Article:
To Be Or Not To Be ‘Doli Incapax’, That Is The Legal Judgment!

To be or not to be 'doli incapax'

To be or not to be ‘doli incapax‘. Under current legislation, (Crime and Disorder Act 1998 (CDA)), children aged 10 or over are held to be criminally liable for their actions.  This much debated topic would seem to have arisen from the parapet once again as The Telegraph leads on the news that the Liberal Democrats are proposing to raise the age of criminal responsibility to 14.

The question as to whether a child under the age of 14 can tell the difference between right and wrong along with how they should be treated by the courts, has remained an extremely emotive issue.  Prior to the current legislation, children would have been subject to common law, which for over 600 years would have promoted the presumption of doli incapax. It would have been for the Crown to rebut the presumption and prove that the defendant knew that what he/she was doing was seriously wrong.

With the doctrine made extinct by the quill of the previous government under s.34 CDA, this is possibly why the current incumbents within a recent policy paper stated:

We need to protect our children from making mistakes and should not expect vulnerable children to make judgments and decisions that many adults struggle with.”

Conceivably the question now is not one of controversy, but one that places a reformed doctrine of doli incapax back upon the statute books.  In March 2010, Maggie Atikinson, the Children’s Commissioner stated in The Times that:

Children under the age of 12 should not be prosecuted for any crime…a civilised society should recognise that children who commit offences should be treated differently from adult criminals.”

Persuasively, this argument would be supported by the office of National Statistics, as it identifies that 14 and 15-year-olds received the most cautions and that the most common age to be convicted was 16 (British Crime Survey, 2007/08, Home Office).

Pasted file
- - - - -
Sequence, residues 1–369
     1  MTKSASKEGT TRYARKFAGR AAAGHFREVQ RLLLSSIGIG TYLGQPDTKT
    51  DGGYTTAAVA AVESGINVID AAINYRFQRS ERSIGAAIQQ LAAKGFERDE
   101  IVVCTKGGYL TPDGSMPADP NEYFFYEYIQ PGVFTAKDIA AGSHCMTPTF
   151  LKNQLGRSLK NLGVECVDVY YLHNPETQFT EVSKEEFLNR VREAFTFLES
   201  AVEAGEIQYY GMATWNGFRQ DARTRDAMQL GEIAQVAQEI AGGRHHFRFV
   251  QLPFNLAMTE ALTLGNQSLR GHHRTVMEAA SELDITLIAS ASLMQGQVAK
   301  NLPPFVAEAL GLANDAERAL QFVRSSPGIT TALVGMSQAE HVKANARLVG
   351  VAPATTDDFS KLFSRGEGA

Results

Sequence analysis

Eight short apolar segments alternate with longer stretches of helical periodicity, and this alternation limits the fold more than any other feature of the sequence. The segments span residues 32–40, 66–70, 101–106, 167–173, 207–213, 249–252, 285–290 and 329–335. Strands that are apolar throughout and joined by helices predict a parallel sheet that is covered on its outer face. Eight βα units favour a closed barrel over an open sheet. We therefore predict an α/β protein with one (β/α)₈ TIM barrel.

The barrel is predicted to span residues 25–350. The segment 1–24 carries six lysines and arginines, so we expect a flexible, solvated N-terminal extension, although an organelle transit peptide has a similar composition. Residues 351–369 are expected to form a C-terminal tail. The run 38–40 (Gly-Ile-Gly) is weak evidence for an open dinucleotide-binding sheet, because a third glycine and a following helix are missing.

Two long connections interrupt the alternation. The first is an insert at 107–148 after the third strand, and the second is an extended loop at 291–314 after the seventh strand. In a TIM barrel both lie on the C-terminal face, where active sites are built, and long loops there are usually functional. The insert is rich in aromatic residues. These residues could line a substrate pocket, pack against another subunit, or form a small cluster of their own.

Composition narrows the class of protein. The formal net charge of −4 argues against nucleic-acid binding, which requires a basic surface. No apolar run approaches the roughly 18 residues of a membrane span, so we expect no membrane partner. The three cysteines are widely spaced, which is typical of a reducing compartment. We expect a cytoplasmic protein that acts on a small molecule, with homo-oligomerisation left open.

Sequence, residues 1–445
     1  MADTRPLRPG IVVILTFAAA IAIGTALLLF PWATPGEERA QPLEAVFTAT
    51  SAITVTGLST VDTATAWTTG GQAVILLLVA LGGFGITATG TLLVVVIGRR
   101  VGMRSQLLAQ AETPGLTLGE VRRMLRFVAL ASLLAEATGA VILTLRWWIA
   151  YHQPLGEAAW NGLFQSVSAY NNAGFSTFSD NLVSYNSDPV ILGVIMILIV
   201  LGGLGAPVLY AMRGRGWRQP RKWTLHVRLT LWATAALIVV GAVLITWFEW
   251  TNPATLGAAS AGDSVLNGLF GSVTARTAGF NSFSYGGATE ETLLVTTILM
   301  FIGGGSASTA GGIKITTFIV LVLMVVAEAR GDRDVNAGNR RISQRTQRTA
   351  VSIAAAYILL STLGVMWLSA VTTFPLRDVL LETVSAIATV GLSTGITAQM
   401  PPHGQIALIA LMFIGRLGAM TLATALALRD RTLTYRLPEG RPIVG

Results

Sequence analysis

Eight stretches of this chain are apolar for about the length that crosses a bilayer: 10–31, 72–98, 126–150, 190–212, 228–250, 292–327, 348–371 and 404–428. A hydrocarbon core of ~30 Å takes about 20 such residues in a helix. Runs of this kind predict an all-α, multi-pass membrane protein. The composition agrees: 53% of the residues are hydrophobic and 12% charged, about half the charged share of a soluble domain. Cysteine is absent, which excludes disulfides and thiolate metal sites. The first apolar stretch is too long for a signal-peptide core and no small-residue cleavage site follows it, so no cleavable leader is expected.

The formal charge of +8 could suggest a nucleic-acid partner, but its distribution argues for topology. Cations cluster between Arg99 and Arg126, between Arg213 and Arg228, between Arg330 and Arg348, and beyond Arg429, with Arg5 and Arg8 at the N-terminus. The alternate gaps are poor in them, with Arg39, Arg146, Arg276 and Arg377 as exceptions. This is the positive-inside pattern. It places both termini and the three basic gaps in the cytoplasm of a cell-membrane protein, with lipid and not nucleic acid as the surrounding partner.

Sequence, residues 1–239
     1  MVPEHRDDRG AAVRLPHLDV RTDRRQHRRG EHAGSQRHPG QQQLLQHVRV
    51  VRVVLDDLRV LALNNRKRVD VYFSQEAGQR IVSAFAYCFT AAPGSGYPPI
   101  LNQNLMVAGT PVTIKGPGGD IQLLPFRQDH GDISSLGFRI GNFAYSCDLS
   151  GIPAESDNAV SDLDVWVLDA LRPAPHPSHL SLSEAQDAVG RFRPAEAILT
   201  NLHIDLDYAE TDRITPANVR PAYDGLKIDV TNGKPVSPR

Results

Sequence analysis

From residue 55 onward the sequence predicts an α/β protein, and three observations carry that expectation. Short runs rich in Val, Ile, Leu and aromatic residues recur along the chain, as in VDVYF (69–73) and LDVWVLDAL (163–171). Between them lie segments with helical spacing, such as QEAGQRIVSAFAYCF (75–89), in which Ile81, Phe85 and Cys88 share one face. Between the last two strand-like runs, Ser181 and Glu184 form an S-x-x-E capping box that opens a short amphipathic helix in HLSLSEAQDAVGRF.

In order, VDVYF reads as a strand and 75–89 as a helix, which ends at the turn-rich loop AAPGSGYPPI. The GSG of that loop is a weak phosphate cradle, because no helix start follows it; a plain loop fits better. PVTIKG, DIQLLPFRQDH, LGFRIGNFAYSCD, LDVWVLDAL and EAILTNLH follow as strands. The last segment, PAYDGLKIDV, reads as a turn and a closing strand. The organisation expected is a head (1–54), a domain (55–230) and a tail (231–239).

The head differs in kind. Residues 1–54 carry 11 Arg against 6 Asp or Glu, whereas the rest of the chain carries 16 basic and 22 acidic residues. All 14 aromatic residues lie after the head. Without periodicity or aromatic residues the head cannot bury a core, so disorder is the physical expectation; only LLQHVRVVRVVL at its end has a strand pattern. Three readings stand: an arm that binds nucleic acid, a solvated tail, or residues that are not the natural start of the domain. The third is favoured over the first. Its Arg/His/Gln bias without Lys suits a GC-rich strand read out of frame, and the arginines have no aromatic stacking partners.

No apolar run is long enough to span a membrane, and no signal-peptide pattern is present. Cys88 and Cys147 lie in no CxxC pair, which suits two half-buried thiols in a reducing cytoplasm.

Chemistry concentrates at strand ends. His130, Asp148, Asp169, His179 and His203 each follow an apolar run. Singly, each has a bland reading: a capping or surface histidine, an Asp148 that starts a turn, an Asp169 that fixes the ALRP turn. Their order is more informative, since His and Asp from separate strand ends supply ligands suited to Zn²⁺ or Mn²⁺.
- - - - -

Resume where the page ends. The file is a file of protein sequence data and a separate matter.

Turning to case law, in R. v T [2009] UKHL 20, the judgment of Lord Phillips provides a persuasive approach to suggest that the defence of doli incapax survived the CDA.

Given the need for an objective outcome, I would advocate that the United Kingdom has been at the forefront of continued criticism from within Europe and its allies for having the lowest age of criminal responsibility. This is borne out from critics who include the UN Committee on the Rights of the Child, to the UN Standard Minimum Rules for the Administration of Justice, which would state that the minimum age of criminal responsibility below 12 years old is too low.

From a personal perspective, I welcome any advancement to achieve a recognised supported outcome on how this area law may be reformed.  Whilst it is inequitable for the courts to be reliant on making change, it is for a forward thinking government to recognise the fact that there was widespread opposition to abolishing the doli incapax presumption and defence, which was upheld by many different authorities.

In conclusion, I reaffirm the statement presented by Lord Lowry in C (A Minor) v DPP [1996] A.C. 1 at 40, as he ended his thorough examination of the question of doli incapax with the statement by the Australian Professor Colin Howard that “[n]o civilised society regards children as accountable for their actions to the same extent as adults”.

As always,

Justin Time.

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